Josef Fritzl And Classical Theory Philosophy Essay

Modified: 1st Jan 2015
Wordcount: 1951 words

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An Austrian man named Josef Fritzl held his daughter Elisabeth captive in an underground section of the family house for twenty-four years, causing an international scene in early 2008. Over the course of two decades, Elisabeth was repeatedly sexually and physically abused, fathering her seven children as well as one miscarriage. As such, Fritzl was charged with incest, false imprisonment, enslavement, kidnapping, negligent homicide and coercion which resulted in life imprisonment. Through personal accounts and or interviews of the individual in question, it can be highlighted that the Classical theory of criminology can be primarily used to underpin Mr Fritzl’s motives and behaviour towards the crime itself.

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The Classical Theory is a theory, which argues that individuals are essentially free willed, and can calculate the course of action that he or she wishes to take. This idea is reinforced by a philosophy that humans were governed by self interest or hedonism, where an individual would place themselves above others. Classified as the ‘pain-and-pleasure’ principle, often individuals would commit crimes after they evaluated the costs and benefits involved, and only if it was advantageous towards them (Lilly, Cullen & Ball 2002). An extension to this theory (classical theory) explores the extent that criminals will go through to reduce the risks of being apprehended, by considering the location, time, and the logicality of it. The allure of minimising pain can often tempt individuals to commit crime, if they plan and prepare their course of action in a rational manner, thus labelled as the rational choice theory (McCormick & Claude 1983).

In response to Fritzl’s conviction, Josef gave a truthful confession to Austrian prosecutors in a seemingly desperate attempt to justify what he had done. This was then subsequently recorded by the media and published. As aforementioned, the classical theory contends that individuals possess the freedom of choice, thus, in reference to the incident; Mr Fritzl had the capacity to do as he wished, to either continue or refrain from his enslavement of Elisabeth. The implication that the classical theory holds on individuals is clear cut and concise, for if an individual is not forced into an action then it is solely theirs to make. Fritzl admitted that ‘I was really thinking about whether I should let her go or not. But I was not able to make that decision”. This advocates that Classical Theory is in play, for though Fritzl possessed the power to ‘let her go’; he did not, highlighting his freedom of choice in the matter.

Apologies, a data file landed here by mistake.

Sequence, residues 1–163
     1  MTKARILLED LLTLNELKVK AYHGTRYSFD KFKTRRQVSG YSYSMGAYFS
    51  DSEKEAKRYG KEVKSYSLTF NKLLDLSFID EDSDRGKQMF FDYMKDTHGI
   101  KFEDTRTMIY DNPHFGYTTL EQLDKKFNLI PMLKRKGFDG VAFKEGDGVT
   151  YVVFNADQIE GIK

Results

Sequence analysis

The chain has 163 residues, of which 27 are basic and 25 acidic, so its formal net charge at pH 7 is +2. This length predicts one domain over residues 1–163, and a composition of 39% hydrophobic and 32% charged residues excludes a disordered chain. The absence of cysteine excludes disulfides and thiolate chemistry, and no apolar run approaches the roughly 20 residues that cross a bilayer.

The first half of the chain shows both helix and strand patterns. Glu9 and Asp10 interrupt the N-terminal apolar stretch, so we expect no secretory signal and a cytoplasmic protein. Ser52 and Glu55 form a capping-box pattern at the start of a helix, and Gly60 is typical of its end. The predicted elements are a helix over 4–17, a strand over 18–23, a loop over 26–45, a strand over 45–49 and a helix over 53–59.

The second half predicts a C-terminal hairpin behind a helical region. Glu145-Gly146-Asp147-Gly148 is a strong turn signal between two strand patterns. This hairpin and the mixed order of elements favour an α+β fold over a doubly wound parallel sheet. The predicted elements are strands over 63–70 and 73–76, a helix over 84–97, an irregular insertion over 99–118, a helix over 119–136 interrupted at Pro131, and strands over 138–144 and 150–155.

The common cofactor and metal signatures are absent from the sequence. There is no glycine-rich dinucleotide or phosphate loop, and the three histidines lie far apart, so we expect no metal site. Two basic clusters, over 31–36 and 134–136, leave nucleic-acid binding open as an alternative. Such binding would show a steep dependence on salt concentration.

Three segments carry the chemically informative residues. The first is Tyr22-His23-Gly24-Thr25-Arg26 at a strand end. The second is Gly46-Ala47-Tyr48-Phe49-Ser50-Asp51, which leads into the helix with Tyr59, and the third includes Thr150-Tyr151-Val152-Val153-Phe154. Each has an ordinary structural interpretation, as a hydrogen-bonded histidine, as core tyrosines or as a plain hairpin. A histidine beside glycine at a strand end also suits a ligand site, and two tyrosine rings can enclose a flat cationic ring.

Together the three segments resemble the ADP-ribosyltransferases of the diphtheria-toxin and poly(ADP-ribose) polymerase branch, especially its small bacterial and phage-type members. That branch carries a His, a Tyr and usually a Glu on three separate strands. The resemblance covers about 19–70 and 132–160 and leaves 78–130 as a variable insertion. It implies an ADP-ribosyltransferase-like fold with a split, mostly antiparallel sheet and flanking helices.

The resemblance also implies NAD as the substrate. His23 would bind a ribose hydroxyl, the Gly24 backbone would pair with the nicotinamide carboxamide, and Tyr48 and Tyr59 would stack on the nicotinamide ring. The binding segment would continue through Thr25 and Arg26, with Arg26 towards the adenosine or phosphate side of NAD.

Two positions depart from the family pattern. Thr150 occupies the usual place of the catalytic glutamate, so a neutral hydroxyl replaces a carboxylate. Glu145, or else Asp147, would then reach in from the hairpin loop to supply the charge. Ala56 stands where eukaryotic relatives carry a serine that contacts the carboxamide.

Another aspect of the Classical Theory is the pain and pleasure principle. This concept is based on offenders who seek to gain maximum pleasure, but inversely minimum pain, through either weighing up the costs and benefits, and the severity of the punishment if caught. This notion of pain and pleasure builds on the assumption that individuals have a selfish-nature, and only put themselves first because it is advantageous for them to do so. Fritzl commented that ‘it was great for me to have a second proper family in the cellar’, which shows his sheer disregard for anyone but himself, and that he would go to any length to satisfy his ‘wants’.